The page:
“He’s a nut about statistics,” Hanover-Horton cross country coach Dean Blackledge said. “He’s very knowledgeable, and his memory is just fantastic. He keeps up with everything. I don’t know how he finds time to do that. He must not watch much TV.”

Cross country holds a special draw for Dailey. A member of the first class to go through Hanover-Horton from kindergarten after the merger of Hanover and Horton, Dailey became the school’s first runner to qualify for the state cross country meet as a senior in 1971. Blackledge is sure to point that out when he introduces Dailey to the freshmen every year.

Jones said Dailey doesn’t just show up to keep score, attending virtually every practice and doing whatever is needed to help the coaches. Among the extras Dailey provides is a trivia question posted daily in the dugout and noticed not only by players but by umpires. Thus every Hanover-Horton baseball player learns the name of the Major League Baseball player who wore his birthday on his back. Every year on May 17, that’s the question posed and answered with Carlos May, who wore No. 17 for the Chicago White Sox.

“He’s a great guy. You never have to worry about him,” Jones said. “Some people you worry about them saying things you don’t want said to your kids, or not behaving around the kids. I never had one complaint with Larry.  He loves being around the kids, and he loves sports.”

Finding the record books scant when he became involved, Dailey set about to compile historical information on Hanover-Horton sports.

“You would ask people about stuff, and nobody knew anything,” Dailey said.

Untold hours of research have produced football, boys and girls basketball, and baseball record books that stretch to 80 and 100 pages and are a reliable reference for coaches and local media. He updates them every year.

His record keeping became well known enough that when former Vandercook Lake athletic director Chuck Miller retired as Cascades Conference historian in 2008, Dailey was recommended for the job.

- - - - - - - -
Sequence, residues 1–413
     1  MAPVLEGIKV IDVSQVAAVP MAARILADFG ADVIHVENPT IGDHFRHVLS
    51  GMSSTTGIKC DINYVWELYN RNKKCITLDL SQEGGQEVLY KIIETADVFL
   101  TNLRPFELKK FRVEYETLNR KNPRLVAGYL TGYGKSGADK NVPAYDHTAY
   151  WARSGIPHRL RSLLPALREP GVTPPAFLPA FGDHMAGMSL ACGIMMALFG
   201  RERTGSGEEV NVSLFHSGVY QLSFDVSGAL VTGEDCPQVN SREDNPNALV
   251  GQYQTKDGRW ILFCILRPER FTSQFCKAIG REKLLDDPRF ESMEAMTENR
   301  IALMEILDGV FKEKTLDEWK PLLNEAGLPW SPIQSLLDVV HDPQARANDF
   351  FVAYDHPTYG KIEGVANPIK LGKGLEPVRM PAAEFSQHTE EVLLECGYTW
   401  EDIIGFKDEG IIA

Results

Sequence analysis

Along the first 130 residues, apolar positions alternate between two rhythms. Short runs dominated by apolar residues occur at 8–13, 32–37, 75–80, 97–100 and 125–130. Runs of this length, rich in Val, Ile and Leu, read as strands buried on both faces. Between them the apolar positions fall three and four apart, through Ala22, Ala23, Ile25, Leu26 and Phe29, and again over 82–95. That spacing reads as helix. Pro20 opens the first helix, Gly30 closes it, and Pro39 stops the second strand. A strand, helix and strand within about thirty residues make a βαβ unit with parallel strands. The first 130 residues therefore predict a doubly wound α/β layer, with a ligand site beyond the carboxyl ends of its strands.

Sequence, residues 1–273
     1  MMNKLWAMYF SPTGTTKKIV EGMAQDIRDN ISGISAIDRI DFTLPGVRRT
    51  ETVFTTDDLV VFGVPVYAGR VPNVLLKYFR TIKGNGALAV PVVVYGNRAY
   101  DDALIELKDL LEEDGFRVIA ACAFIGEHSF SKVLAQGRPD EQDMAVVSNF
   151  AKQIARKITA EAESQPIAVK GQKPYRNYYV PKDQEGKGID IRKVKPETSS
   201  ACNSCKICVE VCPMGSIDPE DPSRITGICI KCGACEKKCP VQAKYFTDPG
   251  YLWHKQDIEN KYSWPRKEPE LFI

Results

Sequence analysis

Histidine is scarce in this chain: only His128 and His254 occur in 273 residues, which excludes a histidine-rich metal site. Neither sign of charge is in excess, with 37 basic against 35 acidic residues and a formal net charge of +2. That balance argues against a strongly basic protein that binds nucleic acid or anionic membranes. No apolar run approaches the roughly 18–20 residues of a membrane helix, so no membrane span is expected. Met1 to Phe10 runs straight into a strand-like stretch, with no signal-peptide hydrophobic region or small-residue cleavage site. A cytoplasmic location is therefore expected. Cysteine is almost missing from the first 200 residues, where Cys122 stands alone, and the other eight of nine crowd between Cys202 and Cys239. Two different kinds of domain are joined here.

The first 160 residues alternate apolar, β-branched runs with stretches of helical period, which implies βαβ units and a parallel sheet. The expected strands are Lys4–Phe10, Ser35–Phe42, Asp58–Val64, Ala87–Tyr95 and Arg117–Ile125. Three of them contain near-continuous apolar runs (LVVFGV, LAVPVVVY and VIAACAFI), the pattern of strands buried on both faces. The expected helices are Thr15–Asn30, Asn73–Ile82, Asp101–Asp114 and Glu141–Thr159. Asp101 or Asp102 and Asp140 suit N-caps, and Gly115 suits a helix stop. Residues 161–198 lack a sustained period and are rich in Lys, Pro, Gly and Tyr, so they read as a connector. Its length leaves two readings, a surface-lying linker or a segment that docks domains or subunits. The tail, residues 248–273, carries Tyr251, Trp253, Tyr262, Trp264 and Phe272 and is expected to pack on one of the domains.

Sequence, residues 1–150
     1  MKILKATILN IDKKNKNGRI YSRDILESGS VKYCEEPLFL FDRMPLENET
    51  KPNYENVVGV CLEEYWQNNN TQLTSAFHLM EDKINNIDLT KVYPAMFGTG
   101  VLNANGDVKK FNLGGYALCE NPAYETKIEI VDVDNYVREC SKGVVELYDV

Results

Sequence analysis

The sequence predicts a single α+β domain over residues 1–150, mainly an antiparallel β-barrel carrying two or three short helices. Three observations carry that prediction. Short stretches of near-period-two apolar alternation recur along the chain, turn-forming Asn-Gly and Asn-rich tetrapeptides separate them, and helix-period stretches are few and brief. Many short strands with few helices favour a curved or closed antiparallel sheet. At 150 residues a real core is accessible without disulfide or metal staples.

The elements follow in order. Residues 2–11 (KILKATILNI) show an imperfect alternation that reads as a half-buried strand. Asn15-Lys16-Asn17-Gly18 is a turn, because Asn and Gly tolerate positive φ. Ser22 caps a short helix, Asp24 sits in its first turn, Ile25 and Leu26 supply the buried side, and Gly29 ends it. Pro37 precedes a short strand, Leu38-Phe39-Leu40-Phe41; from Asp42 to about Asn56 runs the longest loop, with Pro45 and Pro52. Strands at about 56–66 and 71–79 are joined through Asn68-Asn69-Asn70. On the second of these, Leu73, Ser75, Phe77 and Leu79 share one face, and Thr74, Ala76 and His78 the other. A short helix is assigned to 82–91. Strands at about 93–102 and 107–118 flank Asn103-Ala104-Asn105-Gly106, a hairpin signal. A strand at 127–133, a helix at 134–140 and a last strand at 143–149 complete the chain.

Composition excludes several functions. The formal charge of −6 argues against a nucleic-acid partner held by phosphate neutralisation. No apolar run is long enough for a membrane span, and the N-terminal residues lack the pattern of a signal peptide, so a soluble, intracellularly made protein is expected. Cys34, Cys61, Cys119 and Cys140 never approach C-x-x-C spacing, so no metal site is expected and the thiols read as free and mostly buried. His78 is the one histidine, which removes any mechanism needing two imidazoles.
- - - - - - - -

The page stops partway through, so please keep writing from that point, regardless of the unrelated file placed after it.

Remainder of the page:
“I said, ‘I’d like to talk to Chuck about it,’ ” Dailey said. “So I went over to talk to him, and he said, ‘Here’s everything, we’re going to dinner.’ ”

And it was Dailey who had something else added to his plate.

Dailey’s son Chris and daughter Kelly both live in Holt, and he has two granddaughters. It was Kelly who noticed around the holidays that something didn’t seem quite right with her dad.

“She just said, ‘It’s not you,’ ” Dailey said.

Dailey, who said his only indication of trouble was being distracted by the crowd and not able to focus on his scorekeeping duties as much as usual, agreed to be checked out Jan. 3. He was quickly diagnosed with glioblastoma, a brain tumor on the frontal right lobe. It was removed Jan. 9, and he was back as the scorer at the Hanover-Horton girls basketball game Jan. 30. He will start radiation treatments to attack remaining cancer cells Feb. 8.

“Physically, I feel really good,” Dailey said. “The in-home physical therapist, occupational therapist, speech therapist, they’ve come out one time for 10-15 minutes and said they don’t need to come back. I need to understand, because everything that’s been said to me has been so positive, I want to move forward, but I have to slow down. I have to back off some.”

Dailey’s positive attitude is no surprise to Jones.

“That’s exactly the way he is in the dugout,” Jones said. “There is no time limit in baseball. That’s how he’s looking at this. He’s going to keep fighting, scrapping, until the last out. Nobody is going to put him on the clock.”

Hanover-Horton is hosting a spaghetti dinner fund-raiser for Dailey on Feb. 9 in conjunction with a boys basketball game that night. The dinner will be from 4-6 p.m. in the school cafeteria.

“Between my family and this community, it’s just amazing,” Dailey said. “I can’t begin to express how thankful and appreciative I am. All the support has been overwhelming.

“I just want to be inspirational and beat this thing.”